If Frank Bernard McGowan’s life were to be depicted in “This Is Your Life,” the legend would feature his exciting baseball life.
Three times in his career, he spent time with major league teams. Most of his baseball was with Tripe A clubs and included service with Kansas City, Milwaukee, Newark, Buffalo, Albany, and Baltimore. Frank was one of the finest, most graceful outfielders who ever played and served the game as a player manager at Baltimore, Albany, and Buffalo, and as a valued scout for the Baltimore Orioles of the American League.
He was considered an excellent judge of talent and as a regional supervisor, had the authority to make instant deals for those who passed his scrutiny.
Among his New England discoveries was Mark Belanger, one of the finest shortstops in baseball history. There were tens of others. In his late years, “Beauty” was the scout the Orioles used to give the word on major league talent which the club sought in trades.
Born in New Haven, Frank moved to Branford at age two. A fine competitor, he became a fine baseball and basketball player at an early age and was elevated to high school competition while only in seventh grade.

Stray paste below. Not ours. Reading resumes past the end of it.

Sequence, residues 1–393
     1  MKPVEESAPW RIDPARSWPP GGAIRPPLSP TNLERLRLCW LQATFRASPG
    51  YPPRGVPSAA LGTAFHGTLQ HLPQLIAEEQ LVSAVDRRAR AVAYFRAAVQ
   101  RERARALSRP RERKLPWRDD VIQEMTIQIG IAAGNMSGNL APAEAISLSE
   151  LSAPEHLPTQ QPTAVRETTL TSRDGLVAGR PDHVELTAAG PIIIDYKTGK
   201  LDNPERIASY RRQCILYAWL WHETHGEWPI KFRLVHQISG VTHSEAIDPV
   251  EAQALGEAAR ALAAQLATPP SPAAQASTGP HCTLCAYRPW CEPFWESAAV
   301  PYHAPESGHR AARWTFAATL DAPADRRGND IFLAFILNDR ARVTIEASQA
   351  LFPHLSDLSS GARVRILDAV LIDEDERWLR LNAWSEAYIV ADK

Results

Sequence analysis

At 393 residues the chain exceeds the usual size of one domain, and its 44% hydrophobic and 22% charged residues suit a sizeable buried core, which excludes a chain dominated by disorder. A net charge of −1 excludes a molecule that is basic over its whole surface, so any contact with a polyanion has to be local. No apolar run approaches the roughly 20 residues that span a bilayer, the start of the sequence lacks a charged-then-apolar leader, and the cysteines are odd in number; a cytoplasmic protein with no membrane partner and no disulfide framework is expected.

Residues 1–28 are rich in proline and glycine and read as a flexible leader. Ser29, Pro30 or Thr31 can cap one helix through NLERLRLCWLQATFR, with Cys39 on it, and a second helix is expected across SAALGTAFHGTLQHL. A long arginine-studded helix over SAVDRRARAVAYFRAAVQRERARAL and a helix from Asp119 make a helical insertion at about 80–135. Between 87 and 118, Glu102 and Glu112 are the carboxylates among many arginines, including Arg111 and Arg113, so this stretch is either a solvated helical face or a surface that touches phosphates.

Frank went from Branford’s Town team to George Weiss’ Colonials in 1919. He was sold to Connie Mack in 1921 but in the winter of 1922 he fractured his left wrist playing basketball. Then injury was slow healing and in competition with Hall of Famer Al Simmons, then a rookie, he lost out and was sent to Milwaukee. Thereafter, he went to Kansas City where he fractured his leg in competition.
After a slow recovery, he was sent to New Haven in 1926 where he played with the immortal shortstop Joe Cronin. He was called to St. Louis in the 1928 season and hit a lusty .363. While with Buffalo in subsequent years, he became the highest paid ballplayer in the minors in 1933 at $19,000.00 annually. When the Orioles returned to the major leagues, Frank was sought immediately as a scout. The statistics from Cooperstown reveal that Frank played twenty years of professional baseball, five in the major leagues. During those twenty years he played in nearly 2, 300 games compiling 2,400 hits for a lifetime .300 batting average and a respectable .262 in the major leagues.
It was largely for his reputation as a “class guy” and for the exemplary performances of his baseball days that Frank was awarded the “Connecticut Gold Key” by the state’s sports writers in 1956.
Additionally, the Branfordite is enrolled in the international league honors division of Baseball’s Hall of Fame in Cooperstown, New York.
Frank died at age eighty, leaving his wife, Carol; daughters, Claire and Maureen; and son David.